Sunday, November 4, 2012
Article # 13. Study about Fats
Study about Fats
If you want to follow a low cholesterol diet, the first thing you need to understand the difference between saturated fats and unsaturated fats. Some fats can raise cholesterol levels, while other fats lower cholesterol levels.
Triglycerides are the main form of fat in our bodies and in our diets. They provide us with energy, insulation, and protect our internal organs from damage. They also enable our bodies to metabolize proteins and carbohydrates more efficiently. Despite the many benefits triglycerides have, too much in our blood circulation can cause major health problems, such as heart disease. Knowing the right fats to eat can help reduce overall cholesterol levels and help us to maintain a healthy body. Triglycerides can be further divided into the following categories:
These are considered the most detrimental to your health. They usually are solid at room temperature and are derived from animal products. When looking at their molecular structure, saturated fats contain the maximum number of hydrogen atoms (hence "saturated" with hydrogen atoms). Eating a diet high in these has been strongly correlated to heart disease.
This type of lipid lowers "bad cholesterol", LDL, and leaves the "good cholesterol" HDL levels the same. These are usually liquid at room temperature. When looking at their molecular structure, there are two hydrogen atoms missing with a double bond between two carbon atoms replacing them. Monounsaturated fats include canola oil and olive oil.
This type of fat tends to lower both LDL and HDL levels (remember--we want to keep high levels of HDL). These are liquid at room temperature and typically have more than two hydrogen atoms missing. Polyunsaturated fats include safflower oil, sunflower oil and corn oil.
Essential Fatty Acids
Essential fatty acids must be obtained through your diet in order to maintain the architecture of cell membranes. They are also used as a component in the production of eicosanoids, a type of hormone used by the body to help regulate blood pressure, blood clot formation, and immune function. These include omega-6 and omega-3 fatty acids, which have been linked to lowering triglyceride levels. Common sources of essential fatty acids include vegetable oils, fish, grains, seeds, and vegetables. There are supplements of omega-6 and omega-3 fatty acids available at pharmacies.
During hydrogenation, hydrogen atoms are added back to polyunsaturated or monounsaturated fats to protect against rancidity from bacteria or air exposure. As a consequence, this process causes hydrogenated fats to become saturated fats. If a food label states the words partially hydrogenated oils among its first ingredients, that means that it contains a lot of Trans fats and saturated fats. These fats increase LDL levels and decrease HDL levels, which may increase your risk of heart disease.
To understand the difference between unsaturated fats and Tran’s fat, it is best to understand what creates a fat. Fats are a group of compounds known as glycerides. Fatty acids attach to glycerides. These fatty acids are molecules that are composed of hydrogen and carbon atoms. There are two types of fatty acids--saturated and unsaturated acids, which attach to create saturated and unsaturated fats. Fats are an essential part of the human diet and are one of the body’s major sources of energy. The human body is only able to obtain energy by breaking down fats, carbohydrates and proteins.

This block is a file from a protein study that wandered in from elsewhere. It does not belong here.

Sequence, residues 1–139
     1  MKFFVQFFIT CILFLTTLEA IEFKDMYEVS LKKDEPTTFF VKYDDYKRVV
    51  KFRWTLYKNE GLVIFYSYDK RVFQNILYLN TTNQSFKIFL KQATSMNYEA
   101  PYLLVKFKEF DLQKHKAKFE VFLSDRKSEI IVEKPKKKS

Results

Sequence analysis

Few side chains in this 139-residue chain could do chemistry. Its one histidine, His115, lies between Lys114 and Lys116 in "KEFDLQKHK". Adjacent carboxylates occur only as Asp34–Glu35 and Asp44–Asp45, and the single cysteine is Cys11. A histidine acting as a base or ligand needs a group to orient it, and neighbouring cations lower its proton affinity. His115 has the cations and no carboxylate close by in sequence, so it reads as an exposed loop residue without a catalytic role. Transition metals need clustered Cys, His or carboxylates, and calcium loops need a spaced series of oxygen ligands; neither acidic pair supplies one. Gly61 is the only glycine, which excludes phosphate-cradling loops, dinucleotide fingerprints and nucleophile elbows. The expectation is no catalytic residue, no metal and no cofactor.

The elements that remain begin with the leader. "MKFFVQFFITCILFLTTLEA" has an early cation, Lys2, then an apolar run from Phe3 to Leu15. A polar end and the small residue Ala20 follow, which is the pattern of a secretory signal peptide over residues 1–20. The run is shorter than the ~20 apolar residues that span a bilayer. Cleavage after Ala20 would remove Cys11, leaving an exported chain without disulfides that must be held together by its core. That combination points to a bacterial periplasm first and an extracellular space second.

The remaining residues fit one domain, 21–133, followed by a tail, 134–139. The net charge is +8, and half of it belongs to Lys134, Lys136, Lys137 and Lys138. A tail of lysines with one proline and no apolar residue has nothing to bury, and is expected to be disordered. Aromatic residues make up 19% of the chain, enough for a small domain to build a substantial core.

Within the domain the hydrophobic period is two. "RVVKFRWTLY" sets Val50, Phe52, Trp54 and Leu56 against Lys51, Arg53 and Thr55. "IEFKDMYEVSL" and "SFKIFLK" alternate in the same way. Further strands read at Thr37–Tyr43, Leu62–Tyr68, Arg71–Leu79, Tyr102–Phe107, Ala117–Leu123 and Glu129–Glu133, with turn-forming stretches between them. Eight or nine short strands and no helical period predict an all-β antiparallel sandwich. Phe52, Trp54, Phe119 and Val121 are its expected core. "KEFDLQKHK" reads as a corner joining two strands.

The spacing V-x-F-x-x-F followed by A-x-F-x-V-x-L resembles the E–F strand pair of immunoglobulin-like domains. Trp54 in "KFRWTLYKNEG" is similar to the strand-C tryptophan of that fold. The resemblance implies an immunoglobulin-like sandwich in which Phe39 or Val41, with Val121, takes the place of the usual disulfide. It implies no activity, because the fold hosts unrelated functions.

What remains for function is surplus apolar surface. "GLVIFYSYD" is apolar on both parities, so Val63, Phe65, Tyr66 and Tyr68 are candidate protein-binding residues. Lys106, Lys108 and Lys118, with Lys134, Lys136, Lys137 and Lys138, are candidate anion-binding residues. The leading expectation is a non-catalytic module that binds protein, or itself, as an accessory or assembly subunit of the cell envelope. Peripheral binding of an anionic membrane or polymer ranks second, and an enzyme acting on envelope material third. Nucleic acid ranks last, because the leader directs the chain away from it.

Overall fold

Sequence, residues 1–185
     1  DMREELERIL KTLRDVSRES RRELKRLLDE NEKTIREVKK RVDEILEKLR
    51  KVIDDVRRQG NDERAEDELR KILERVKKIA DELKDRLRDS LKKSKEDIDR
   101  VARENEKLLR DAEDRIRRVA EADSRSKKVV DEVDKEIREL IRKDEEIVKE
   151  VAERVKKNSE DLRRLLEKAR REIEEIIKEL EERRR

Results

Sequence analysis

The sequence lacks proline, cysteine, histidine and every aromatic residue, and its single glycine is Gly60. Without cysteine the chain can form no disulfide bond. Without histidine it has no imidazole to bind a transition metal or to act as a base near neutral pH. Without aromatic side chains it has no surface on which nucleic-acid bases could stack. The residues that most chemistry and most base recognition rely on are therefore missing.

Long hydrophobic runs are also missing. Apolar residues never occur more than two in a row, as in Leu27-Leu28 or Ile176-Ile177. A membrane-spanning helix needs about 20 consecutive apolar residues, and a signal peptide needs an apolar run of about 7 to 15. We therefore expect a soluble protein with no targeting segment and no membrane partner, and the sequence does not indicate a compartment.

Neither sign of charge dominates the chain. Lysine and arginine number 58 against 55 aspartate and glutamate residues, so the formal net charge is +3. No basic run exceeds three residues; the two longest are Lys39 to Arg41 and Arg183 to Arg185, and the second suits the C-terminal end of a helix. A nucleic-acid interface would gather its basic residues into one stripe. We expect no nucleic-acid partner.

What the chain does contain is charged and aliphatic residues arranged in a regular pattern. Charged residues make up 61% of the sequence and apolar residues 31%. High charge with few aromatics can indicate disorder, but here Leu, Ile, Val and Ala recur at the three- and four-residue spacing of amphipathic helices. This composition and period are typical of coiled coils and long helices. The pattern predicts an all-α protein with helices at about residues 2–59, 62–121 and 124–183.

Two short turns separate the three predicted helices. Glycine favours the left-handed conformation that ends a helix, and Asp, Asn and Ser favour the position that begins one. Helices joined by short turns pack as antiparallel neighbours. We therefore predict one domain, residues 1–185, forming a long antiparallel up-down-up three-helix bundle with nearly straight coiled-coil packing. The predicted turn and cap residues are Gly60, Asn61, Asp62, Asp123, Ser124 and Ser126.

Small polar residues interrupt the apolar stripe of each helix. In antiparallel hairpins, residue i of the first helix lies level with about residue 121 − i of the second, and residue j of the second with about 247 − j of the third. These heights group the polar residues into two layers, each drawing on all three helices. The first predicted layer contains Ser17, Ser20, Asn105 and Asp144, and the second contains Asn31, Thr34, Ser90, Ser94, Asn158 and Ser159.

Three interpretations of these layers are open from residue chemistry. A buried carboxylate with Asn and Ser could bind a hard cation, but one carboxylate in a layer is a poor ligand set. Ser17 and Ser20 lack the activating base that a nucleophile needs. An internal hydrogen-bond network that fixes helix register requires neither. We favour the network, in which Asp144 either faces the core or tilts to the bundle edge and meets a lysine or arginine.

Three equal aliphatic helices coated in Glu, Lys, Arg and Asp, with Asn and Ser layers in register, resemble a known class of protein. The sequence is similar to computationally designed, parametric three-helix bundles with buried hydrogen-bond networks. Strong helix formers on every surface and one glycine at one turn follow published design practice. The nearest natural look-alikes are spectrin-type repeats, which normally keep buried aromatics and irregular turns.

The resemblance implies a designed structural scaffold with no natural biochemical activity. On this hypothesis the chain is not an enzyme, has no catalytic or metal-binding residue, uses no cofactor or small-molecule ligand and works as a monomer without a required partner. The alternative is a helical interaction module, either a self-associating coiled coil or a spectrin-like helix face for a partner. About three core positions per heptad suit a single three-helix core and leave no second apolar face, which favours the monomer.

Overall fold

What are Unsaturated Fats?
There are two types of unsaturated fats—polyunsaturated fats and monounsaturated fats. These fats typically come from vegetables or fish sources. Unsaturated fats are typically liquid at room temperature and are in the form of oils. They supply the body with a healthy source of fat.
Health Benefits of Unsaturated Fats
According to the Mayo Clinic, you should pick unsaturated fats because these fats have been shown to lower your risk of heart disease by reducing your total cholesterol levels. One type of unsaturated fat, omega-3 fatty acids can decrease the risk of coronary artery disease and lower blood pressure levels.
What Foods Have Unsaturated Fats?
The most common sources of unsaturated fats include olive oil, sunflower oil, vegetable oils, peanut oil, avocados, seeds and nuts. For omega-3 fatty acids, select flax seed or walnuts as well as fatty cold-water fish like herring, mackerel or salmon.
What are Trans Fats?
Tran’s fats are chemically altered fats that are man-made by the process of hydrogenation. This process injects hydrogen into vegetable fats through pressure and high heat. This process is typically done to vegetable oils to make them more chemically stable. This means that they become liquid at room temperature and have a longer shelf life.
Health Effects of Trans Fats
Tran’s fats are the most harmful of the fats because they lower good HDL cholesterol while raising bad LDL cholesterol. This increases your risk for coronary heart disease. Trans fats have a more detrimental impact on your cholesterol levels than butter, which is composed of a saturated fat. The Institute of Medicine released a report in 2002 that said no amount of Tran’s fat is safe for consumption. Luckily, in January of 2006, the United States government required that all foods include Tran’s fats per serving upon their nutritional facts panel. Furthermore, some states have banned the use of Tran’s fats in restaurants and food vendors.
What Foods Have Trans Fats?
Tran’s fats are commonly found in commercially made margarine, shortenings, breakfast cereals, fried foods, crackers, potato chips, pastries, cookies, doughnuts, cakes and pies. You will want to check the label of the foods you purchase to make sure that they do not contain any harmful Trans fats.